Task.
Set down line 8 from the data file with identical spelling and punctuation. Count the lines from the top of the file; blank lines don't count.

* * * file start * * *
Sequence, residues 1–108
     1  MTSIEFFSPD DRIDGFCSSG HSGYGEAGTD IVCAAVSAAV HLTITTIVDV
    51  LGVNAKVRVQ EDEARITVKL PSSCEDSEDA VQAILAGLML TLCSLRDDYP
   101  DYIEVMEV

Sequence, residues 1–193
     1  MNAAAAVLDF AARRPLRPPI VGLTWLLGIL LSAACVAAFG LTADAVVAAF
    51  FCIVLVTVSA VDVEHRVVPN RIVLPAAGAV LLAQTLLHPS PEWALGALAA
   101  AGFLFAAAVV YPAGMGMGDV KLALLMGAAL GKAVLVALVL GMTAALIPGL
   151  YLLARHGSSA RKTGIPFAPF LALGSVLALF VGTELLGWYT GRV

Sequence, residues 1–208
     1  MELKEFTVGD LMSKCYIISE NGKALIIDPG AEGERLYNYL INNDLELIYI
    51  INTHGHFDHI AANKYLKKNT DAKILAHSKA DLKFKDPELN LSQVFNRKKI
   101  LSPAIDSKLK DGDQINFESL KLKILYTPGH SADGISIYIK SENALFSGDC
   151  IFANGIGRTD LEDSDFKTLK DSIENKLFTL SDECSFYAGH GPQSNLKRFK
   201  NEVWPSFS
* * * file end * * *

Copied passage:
   101  AGFLFAAAVV YPAGMGMGDV KLALLMGAAL GKAVLVALVL GMTAALIPGL